SINGAPORE - Singapore boasts one of the world's most efficient intelligence gathering networks. So when suspected al-Qaida terrorists were arrested here on suspicion of plotting to blow up the U.S. Embassy, it sent an alarming message: If terrorists can hide in Singapore, they can hide anywhere.
The discovery of a suspected homegrown cell connected with al-Qaida shocked the Southeast Asian city-state of 4 million people. While Islamic militants have been active in neighboring Indonesia, Singapore has been an oasis of stability in the turbulent region.
Malaysia and some trained at al-Qaida camps in Afghanistan.
The 15 were arrested after authorities found bomb-making information and photographs and video footage of the U.S. Embassy and other buildings in the suspects' homes.
The government said the suspects also had al-Qaida-linked materials, fake passports and forged immigration stamps.
The detentions coincided with arrests of suspected militants in Malaysia and Indonesia, raising fears of a wide terrorist network in Southeast Asia linked to Osama bin Laden, chief suspect in the Sept. 11 attacks on New York and Washington.
Defense analyst Andrew Tan called the discovery "shocking."
"But it's inevitable that there is a small fringe attracted to Osama bin Laden and the extremist brand of militancy which Osama preaches," said Tan, who is with Singapore's Institute of Defense and Strategic Studies.
About 15 percent of Singaporeans are Malay Muslims. Most Singaporeans are Chinese. Most public protest is banned, so there have been no demonstrations against the war in Afghanistan.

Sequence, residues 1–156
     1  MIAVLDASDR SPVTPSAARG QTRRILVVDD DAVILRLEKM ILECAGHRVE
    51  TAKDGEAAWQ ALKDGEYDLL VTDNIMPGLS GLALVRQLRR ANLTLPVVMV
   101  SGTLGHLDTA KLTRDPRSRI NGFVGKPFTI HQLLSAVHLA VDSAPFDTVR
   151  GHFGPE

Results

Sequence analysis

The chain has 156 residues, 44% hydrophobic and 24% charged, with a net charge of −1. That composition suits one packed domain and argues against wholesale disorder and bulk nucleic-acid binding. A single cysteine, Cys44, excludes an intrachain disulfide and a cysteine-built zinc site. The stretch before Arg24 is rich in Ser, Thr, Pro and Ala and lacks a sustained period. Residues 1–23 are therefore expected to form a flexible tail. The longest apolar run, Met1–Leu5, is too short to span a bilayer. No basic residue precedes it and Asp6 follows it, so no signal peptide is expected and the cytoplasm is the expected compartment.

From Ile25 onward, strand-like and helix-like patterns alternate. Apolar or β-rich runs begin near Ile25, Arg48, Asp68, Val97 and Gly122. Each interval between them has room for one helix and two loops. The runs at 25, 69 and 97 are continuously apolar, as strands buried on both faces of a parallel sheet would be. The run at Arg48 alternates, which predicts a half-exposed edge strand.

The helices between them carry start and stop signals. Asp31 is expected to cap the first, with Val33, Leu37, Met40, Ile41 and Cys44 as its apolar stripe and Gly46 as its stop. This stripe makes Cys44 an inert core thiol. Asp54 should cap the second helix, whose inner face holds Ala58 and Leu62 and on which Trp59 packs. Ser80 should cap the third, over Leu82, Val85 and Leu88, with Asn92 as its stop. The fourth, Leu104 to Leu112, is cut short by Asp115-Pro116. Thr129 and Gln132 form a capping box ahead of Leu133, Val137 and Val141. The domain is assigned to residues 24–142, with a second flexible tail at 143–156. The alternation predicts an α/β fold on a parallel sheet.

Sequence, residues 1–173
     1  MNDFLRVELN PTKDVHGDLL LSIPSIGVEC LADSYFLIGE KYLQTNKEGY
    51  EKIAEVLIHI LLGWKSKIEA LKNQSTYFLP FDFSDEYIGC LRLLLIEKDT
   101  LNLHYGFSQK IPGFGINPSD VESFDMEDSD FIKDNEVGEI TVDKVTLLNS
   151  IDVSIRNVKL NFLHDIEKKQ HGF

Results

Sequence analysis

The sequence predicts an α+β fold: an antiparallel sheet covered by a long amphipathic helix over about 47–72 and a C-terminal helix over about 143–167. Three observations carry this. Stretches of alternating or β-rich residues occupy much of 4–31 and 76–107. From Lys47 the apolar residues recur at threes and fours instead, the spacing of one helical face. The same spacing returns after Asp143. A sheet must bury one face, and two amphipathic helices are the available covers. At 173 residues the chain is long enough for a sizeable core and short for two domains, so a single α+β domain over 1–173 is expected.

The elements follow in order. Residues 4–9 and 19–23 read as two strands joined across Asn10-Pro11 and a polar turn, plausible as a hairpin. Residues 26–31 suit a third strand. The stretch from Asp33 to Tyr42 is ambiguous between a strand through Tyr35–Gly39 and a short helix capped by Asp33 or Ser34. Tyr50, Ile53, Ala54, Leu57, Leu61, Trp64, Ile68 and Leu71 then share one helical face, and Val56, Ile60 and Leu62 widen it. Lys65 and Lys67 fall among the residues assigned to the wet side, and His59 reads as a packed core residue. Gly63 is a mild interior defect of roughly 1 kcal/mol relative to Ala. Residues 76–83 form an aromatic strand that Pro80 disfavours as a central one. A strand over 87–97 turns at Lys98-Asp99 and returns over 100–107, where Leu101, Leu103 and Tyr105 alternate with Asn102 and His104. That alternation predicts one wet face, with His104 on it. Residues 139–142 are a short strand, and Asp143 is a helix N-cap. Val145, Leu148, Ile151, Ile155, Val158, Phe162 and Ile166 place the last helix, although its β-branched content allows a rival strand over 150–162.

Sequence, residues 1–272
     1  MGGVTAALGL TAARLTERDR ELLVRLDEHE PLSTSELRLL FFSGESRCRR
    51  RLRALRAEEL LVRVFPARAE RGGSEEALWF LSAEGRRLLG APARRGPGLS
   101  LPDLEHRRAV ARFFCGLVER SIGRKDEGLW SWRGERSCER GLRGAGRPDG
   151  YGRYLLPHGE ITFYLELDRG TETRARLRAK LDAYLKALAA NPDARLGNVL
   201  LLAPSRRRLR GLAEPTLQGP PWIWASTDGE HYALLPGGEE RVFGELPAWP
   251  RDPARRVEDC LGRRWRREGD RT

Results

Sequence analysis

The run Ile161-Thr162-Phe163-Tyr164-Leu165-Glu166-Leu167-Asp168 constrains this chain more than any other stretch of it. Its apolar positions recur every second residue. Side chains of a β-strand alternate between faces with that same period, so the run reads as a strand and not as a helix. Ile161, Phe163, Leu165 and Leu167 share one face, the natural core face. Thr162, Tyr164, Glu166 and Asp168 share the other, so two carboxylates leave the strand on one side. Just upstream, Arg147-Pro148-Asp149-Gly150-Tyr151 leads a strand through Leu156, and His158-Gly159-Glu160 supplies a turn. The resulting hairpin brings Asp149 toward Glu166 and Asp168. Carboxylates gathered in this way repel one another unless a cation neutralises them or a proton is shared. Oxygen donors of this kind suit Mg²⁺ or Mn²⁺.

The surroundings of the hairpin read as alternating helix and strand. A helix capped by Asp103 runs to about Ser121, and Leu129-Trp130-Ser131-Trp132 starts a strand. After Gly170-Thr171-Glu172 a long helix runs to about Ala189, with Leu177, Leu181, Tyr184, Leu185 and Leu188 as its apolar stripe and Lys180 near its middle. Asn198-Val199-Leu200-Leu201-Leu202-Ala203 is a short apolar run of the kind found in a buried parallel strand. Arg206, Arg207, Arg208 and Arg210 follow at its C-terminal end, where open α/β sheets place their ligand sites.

Muslim government ministers and some religious leaders have praised Singapore's crackdown.
But Zulfikar Mohamad Sharif, director of the Singaporean Muslim rights group Fateha, has questioned the government's evidence against the 15 detainees and has called for a trial.
The suspects were arrested under the Internal Security Act, which allows for indefinite detention without trial.
The U.S. State Department applauded Singapore for thwarting the alleged plot to blow up the embassy and American economic interests on the island. Some, including Defense Minister Tony Tan, have said Singapore's close links to Washington could make it a target for terrorism.
Singapore is a "perfect target" for attacks on U.S. assets outside the United States, says Paul Evans, an Asian security expert from the University of British Columbia in Canada.
About 17,000 Americans live in Singapore. Almost 6,000 multinational companies - many of them American - have regional offices in the affluent city-state and American companies are among the biggest employers in Singapore.
The U.S. Navy has a logistics unit in Singapore and warships going to and from Afghanistan have been resupplied in the city-state. Last year, Singapore opened a deep water port to accommodate U.S. aircraft carriers.
But terrorists planning attacks in Singapore face a tough adversary. "It's so heavily policed," Evans said. "You've got a tightly regulated society and an effective intelligence agency here."
The intelligence agencies in Southeast Asia say they are sharing information to foil terrorist plots. Susilo Bambang Yudhoyono, Indonesia's top security minister, said the countries were "looking together to solve problems" related to terrorism.
Hadi Soesastro, director of the Center for Strategic and International Studies in Indonesia, said the Indonesian government has become more determined in dealing with radical Muslim groups recently. Regional intelligence sharing has improved since the 10-member Association of Southeast Asian Nations adopted a plan in November to fight transnational crime, he said.